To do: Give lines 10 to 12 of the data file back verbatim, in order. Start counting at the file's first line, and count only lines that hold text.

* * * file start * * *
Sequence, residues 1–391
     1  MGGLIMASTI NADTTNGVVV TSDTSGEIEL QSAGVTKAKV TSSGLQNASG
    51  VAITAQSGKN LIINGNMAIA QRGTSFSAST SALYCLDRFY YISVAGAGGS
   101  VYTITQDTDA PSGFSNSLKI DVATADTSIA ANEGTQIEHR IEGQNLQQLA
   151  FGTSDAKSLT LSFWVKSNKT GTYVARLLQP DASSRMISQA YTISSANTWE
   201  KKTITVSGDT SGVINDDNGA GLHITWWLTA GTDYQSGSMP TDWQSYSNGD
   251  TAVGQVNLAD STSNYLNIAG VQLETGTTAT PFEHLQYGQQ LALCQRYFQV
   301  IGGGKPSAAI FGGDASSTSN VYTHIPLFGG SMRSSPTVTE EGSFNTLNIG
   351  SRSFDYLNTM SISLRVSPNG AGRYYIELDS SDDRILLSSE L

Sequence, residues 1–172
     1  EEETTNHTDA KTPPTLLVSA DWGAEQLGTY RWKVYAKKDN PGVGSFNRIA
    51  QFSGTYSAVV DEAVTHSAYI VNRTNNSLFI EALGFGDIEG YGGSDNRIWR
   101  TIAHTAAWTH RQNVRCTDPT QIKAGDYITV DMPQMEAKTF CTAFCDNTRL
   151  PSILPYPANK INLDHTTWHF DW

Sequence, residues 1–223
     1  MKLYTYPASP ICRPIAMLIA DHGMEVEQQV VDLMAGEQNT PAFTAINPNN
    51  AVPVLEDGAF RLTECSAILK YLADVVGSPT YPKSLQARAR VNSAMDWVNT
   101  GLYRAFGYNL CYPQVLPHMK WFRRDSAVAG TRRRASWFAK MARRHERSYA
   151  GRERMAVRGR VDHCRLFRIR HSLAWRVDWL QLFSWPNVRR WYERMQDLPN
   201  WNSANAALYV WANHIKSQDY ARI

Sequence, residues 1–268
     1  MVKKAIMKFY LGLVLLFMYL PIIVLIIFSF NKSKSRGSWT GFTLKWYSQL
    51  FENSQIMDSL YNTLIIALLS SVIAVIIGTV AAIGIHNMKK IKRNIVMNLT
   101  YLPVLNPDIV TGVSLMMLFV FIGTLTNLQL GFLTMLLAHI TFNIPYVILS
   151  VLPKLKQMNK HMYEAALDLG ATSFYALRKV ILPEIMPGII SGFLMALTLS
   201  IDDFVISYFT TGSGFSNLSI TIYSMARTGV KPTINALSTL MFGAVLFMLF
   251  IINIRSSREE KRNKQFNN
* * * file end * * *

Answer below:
Sequence, residues 1–172
     1  EEETTNHTDA KTPPTLLVSA DWGAEQLGTY RWKVYAKKDN PGVGSFNRIA
    51  QFSGTYSAVV DEAVTHSAYI VNRTNNSLFI EALGFGDIEG YGGSDNRIWR